Colombia's Santos says will restart talks with ELN rebels

Duque had been neck and neck in polls with the leftist former Mayor of Bogota Gustavo Petro, but Sunday's results make him the favorite to be the nation's next president, according to Alvaro Forero, a political analyst at Bogota's Leadership and Democracy Foundation.

Colombian President Juan Manuel Santos has said peace talks with the rebel National Liberation Army (ELN) will resume after a six-week halt.

Meanwhile, the hardline Democratic Centre party - founded by former president Álvaro Uribe and fiercely critical of the peace deal - won 15.89%, the largest share.

Petro's promise of a "social economy" that would raise taxes and shift away from oil, Colombia's top export, towards agriculture has anxious investors in the Andean nation as opinion polls showed the former member of the disbanded M-19 guerrilla group and ex-mayor of Bogota running ahead of Duque. Colombians vote in the first round on May 27 with a likely runoff in June.

Finally, Almagro reiterated the unbreakable commitment of the hemispheric organization to continue to accompany social and institutional efforts to build peace through the Mission to Support the Peace Process (MAPP/OAS), which is celebrating 14 years of uninterrupted work in the most isolated territories and those most affected by armed violence in Colombia.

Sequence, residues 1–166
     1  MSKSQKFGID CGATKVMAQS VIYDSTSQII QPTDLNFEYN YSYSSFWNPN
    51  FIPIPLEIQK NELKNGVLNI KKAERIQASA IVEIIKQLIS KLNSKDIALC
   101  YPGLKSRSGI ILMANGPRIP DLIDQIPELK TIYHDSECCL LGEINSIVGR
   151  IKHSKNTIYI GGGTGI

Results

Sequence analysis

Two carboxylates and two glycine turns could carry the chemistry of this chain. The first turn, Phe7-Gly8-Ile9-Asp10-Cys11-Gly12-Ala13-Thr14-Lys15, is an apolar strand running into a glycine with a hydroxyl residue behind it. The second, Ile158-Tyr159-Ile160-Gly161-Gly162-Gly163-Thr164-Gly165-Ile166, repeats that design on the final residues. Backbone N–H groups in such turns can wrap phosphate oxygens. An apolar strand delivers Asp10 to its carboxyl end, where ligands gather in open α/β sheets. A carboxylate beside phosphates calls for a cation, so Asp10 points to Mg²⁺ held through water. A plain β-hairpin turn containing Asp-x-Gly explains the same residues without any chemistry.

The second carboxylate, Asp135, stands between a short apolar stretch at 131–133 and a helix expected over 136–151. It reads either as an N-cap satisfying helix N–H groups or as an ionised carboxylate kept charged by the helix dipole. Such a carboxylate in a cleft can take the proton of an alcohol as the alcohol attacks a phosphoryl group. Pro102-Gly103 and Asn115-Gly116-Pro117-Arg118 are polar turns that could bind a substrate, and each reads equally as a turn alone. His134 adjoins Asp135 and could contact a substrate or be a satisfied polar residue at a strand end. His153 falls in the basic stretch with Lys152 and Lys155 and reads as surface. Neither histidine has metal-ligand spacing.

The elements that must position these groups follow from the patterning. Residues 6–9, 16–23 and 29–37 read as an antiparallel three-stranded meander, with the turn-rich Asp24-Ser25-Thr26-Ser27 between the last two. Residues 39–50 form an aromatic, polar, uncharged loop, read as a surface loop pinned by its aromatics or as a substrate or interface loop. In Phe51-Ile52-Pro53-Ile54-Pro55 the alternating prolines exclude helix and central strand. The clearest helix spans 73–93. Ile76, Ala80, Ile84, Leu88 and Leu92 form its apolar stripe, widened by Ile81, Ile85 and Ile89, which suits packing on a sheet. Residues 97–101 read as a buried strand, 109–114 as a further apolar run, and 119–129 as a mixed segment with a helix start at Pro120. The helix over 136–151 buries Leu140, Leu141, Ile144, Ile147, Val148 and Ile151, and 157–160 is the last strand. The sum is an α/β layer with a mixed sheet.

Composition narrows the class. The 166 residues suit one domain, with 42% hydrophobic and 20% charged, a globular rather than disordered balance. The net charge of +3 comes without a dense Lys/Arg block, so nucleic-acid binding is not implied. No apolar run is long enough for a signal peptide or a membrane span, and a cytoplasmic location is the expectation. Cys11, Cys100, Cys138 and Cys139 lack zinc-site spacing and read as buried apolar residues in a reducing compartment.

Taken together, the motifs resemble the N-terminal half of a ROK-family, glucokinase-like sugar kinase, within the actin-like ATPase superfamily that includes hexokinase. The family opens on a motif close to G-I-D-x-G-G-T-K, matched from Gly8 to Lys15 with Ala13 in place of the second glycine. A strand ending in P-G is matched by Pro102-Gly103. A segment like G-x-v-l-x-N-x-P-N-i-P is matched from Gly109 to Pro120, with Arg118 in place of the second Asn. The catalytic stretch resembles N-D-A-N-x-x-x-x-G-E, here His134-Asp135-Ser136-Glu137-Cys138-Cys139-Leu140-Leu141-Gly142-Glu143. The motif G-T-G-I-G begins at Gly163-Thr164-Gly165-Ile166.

Petro won the day's other primary with 2.8 million votes, or 85 percent.

Sunday's primaries - in which Duque won nearly 42 percent more votes than Petro did - were considered a better test of voter support than often inaccurate opinion polls, although some voters will have participated strategically and may not back either victor in the presidential vote.

The elections mark the debut of the former FARC rebels as a political party.

"The FARC are in a tough spot", said Leon Valencia, a former combatant who now runs the Peace and Reconciliation Foundation, a think tank.

The FARC is guaranteed five seats in both the 108-member Senate and the 172-member lower house under the terms of the accord.

Petro said that despite the fact that right wing parties performed better in the legislative elections, his newly formed party has a good opportunity to win the presidential ones.

Duque and Vargas Lleras, from the Radical Change party, have strong party machines behind them and can count on backing in Congress if they win.

Two candidates under pressure to join forces are Humberto de la Calle, who was the government's chief peace negotiator, and former Gov. Sergio Fajardo.